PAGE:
App. at 3239.
Over Gilbane's objection, the district court responded to the jury's question as follows:
Considering the evidence and the Court's instructions as a whole and considering all of the work together, you must determine as a whole whether Hass has proven that there was no contract between the plaintiff Hass and the defendant Gilbane.
App. at 3251-52.
Thereafter, the jury returned with a verdict answering the first interrogatory in the affirmative--i.e., that there was no contract between Hass and Gilbane. Consequently, the jury awarded Hass $1,461,872.63 in quantum meruit compensation, the amount owed on Hass' total cost claim,3 including a 21% mark-up for overhead and profit. The jury also found that Gilbane was entitled to a credit of $242,251 against Hass for a "fair allowance for any defects or omissions in ... Hass' performance of the work." App. at 161.
Gilbane subsequently moved for judgment notwithstanding the verdict and, alternatively, for a new trial, remittitur, or reduction in the money judgment. The court denied Gilbane's first three motions but granted a $31,000 reduction in the award of damages. On May 25, 1988, the court entered judgment nunc pro tunc against Gilbane in the amount of $1,188,621.63 plus $291,908 in pre-judgment interest for a total sum of $1,480,529.63.
On June 9, 1988, Gilbane filed its notice of appeal as to the final judgment of the district court, and on June 22, 1988, Hass filed its notice of appeal as to the district court's determination of pre-judgment interest due under the award. In addition, we granted leave on January 17, 1989 for the Building Contractors Association of New Jersey ("BCA") to file a brief in this appeal as an amicus curiae. We have jurisdiction pursuant to 28 U.S.C. § 1291 (1982).
Gilbane's principal argument on appeal is that there was a valid subcontract between the parties as a matter of law, irrespective of the dispute as to the scope of work under change order no. 1. On that basis, Gilbane contends that the district court erred in denying its motion for a directed verdict dismissing the first count of Hass' complaint and its motion for a judgment notwithstanding the verdict or, alternatively, for a new trial. Gilbane also contends that the district court erred in denying its motion for a new trial on the basis that the district court, through its supplemental jury instruction, had erroneously rejected the jury's initial determination of the existence of a contract.4 Gilbane is joined in its contentions by the BCA.
The applicable standards of review are well settled. In reviewing a district court's denial of a directed verdict, " [w]e must determine whether, as a matter of law, the record is critically deficient of that minimum quantum of evidence from which a jury might reasonably afford relief.... [I]f the evidence is of such character that reasonable [persons], in the impartial exercise of their judgment may reach different conclusions, the [count] should be submitted to the jury." Patzig v. O'Neil, 577 F.2d 841, 846 (3d Cir. 1978).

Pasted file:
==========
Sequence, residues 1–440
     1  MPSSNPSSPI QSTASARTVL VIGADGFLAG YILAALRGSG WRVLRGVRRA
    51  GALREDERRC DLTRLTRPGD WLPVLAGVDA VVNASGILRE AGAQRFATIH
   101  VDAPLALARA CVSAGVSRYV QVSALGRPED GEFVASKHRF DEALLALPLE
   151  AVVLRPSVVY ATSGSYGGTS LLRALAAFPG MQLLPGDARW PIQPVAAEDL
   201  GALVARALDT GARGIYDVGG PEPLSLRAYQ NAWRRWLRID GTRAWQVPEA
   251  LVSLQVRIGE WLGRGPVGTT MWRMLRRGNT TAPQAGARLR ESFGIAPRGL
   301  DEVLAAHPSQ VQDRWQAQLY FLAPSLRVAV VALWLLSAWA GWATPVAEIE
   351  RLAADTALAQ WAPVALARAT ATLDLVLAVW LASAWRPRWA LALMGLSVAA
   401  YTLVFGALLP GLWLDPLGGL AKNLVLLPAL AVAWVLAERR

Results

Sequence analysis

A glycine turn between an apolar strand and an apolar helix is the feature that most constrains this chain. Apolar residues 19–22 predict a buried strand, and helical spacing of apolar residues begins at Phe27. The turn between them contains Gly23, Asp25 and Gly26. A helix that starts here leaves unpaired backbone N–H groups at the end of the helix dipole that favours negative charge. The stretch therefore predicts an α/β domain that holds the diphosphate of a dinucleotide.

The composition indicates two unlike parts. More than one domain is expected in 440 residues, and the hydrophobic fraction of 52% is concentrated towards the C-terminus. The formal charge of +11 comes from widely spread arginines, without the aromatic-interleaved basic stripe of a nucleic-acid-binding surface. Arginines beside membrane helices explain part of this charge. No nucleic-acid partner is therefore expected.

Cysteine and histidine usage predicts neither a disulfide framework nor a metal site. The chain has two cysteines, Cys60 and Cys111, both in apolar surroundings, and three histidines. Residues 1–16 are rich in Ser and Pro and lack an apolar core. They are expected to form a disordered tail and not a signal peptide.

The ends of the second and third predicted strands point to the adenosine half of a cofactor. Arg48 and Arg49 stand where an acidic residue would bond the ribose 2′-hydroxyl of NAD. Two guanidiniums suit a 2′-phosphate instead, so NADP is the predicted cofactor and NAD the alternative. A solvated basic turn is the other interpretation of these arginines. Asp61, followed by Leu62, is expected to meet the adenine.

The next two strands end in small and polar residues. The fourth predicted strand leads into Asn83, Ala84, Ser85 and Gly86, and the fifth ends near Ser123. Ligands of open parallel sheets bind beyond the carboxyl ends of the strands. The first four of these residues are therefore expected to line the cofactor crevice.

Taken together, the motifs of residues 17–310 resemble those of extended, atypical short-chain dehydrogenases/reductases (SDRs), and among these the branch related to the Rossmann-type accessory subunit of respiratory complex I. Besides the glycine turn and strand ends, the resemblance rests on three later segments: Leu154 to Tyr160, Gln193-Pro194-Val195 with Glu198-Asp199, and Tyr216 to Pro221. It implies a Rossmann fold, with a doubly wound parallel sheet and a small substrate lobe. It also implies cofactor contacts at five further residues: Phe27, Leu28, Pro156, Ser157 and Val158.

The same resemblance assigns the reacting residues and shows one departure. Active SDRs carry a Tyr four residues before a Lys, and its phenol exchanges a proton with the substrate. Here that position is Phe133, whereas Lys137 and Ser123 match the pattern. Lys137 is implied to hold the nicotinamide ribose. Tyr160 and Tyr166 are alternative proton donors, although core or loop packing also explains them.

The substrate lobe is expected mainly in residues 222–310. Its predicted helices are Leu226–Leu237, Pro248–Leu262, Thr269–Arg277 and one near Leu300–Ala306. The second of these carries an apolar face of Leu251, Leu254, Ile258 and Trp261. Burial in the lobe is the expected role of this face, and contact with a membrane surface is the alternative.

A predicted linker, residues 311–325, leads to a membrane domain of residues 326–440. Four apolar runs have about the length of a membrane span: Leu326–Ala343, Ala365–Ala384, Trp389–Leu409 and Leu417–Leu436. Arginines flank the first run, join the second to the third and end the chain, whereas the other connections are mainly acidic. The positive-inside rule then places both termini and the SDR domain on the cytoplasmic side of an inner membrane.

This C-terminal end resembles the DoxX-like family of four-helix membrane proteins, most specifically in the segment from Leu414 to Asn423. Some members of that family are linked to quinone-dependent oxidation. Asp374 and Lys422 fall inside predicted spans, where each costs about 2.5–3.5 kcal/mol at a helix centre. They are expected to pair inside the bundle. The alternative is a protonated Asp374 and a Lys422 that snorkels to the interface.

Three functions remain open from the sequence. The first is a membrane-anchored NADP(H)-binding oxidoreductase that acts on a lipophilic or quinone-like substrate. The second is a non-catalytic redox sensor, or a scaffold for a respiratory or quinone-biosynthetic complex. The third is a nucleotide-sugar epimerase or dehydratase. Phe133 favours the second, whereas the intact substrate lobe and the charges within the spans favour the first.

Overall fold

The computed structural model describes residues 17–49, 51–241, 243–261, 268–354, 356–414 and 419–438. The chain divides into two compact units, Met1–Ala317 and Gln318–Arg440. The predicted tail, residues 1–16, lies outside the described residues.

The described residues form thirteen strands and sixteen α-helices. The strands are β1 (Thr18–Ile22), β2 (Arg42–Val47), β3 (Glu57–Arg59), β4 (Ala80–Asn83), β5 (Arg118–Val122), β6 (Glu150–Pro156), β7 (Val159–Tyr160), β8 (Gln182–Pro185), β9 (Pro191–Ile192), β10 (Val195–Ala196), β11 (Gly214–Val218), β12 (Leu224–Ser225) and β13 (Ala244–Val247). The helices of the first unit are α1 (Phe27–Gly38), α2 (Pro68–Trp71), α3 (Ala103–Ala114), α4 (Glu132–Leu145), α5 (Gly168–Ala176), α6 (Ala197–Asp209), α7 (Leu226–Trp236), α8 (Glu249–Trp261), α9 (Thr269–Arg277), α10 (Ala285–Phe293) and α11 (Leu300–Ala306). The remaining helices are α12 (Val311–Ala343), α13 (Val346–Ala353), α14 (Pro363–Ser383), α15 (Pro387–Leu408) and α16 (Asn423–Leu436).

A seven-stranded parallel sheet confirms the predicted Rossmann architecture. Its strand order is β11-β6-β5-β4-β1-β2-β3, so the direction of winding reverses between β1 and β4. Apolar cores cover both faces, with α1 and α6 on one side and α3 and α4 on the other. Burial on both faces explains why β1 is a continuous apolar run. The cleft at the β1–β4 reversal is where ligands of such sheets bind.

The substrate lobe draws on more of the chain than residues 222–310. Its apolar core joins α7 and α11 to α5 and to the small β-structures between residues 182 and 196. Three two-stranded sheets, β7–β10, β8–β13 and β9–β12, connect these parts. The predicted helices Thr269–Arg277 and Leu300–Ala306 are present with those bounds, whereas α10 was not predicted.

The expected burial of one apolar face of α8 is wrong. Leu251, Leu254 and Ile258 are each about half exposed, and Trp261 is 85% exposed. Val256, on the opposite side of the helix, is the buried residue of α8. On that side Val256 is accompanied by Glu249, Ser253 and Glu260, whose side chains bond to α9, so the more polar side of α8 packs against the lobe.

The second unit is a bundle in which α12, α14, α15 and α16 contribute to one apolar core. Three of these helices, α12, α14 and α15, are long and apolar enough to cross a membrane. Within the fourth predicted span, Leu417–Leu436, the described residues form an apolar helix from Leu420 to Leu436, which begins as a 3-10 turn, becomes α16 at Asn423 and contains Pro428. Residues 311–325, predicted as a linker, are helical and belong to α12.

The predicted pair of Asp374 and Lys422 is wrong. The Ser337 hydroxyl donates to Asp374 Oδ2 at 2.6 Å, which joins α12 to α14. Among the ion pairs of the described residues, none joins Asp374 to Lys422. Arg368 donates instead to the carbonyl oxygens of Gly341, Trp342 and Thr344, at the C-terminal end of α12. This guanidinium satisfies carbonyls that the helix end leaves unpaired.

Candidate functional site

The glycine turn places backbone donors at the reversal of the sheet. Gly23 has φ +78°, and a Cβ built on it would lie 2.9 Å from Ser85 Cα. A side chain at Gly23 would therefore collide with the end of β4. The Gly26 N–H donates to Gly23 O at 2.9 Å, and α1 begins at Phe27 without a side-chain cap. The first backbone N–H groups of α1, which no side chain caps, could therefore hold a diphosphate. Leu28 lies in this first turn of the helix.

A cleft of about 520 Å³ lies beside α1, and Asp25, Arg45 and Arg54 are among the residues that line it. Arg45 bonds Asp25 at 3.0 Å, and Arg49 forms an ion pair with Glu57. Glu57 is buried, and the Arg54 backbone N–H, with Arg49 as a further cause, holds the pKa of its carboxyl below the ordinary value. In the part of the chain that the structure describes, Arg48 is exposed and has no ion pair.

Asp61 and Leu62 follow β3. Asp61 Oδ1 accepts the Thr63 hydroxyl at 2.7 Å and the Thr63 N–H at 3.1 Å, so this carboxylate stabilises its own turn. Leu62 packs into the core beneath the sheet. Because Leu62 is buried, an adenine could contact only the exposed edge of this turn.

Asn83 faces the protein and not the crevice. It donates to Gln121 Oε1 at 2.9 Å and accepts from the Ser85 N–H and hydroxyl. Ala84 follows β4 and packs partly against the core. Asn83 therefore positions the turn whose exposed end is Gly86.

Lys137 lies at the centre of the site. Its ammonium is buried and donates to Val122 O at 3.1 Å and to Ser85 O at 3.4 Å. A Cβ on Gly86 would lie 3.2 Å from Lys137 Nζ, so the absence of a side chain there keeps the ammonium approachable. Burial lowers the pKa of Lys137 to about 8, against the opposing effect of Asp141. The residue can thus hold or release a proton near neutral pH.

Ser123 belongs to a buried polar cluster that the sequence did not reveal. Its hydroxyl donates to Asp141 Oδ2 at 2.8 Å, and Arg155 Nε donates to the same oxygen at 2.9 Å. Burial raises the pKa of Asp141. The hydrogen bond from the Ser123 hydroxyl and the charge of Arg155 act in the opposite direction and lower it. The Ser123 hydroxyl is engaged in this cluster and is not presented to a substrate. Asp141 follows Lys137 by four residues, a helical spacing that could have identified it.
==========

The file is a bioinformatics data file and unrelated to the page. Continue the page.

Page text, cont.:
Next, when reviewing a district court's denial of a judgment n.o.v., we are required to review the record in this case in the light most favorable to the non-moving party. We will affirm the district court's denial of the motion "unless the record is 'critically deficient of that minimum quantity of evidence from which the jury might reasonably afford relief.' " Link v. Mercedes-Benz of North America, Inc., 788 F.2d 918, 921 (3d Cir. 1986) (citation omitted).
Given that the district court's denial of the motion for a new trial was based on its application of a legal precept, our review is plenary. Honeywell v. American Standards Testing Bureau, 851 F.2d 652, 655 (3d Cir. 1988), cert. denied, --- U.S. ----, 109 S. Ct. 795, 102 L. Ed. 2d 787 (1989).
Finally, we review the district court's supplemental jury instruction to determine "whether, viewed in light of the evidence, the charge as a whole fairly and adequately submits the issues in this case to the jury." Bennis v. Gable, 823 F.2d 723, 727 (3d Cir. 1987). We will reverse the district court " 'only if the instruction was capable of confusing and thereby misleading the jury.' " Id. (citation omitted).
Our first task upon review is to ascertain whether, as a matter of law, a contract existed between Gilbane and Hass, regardless of their dispute as to the scope of work encompassed by change order no. 1. Since this case arises under diversity jurisdiction, we look to the substantive law of New Jersey, where the district court sits, for guidance. Erie Railroad Co. v. Tompkins, 304 U.S. 64, 78, 58 S. Ct. 817, 822, 82 L. Ed. 1188 (1938).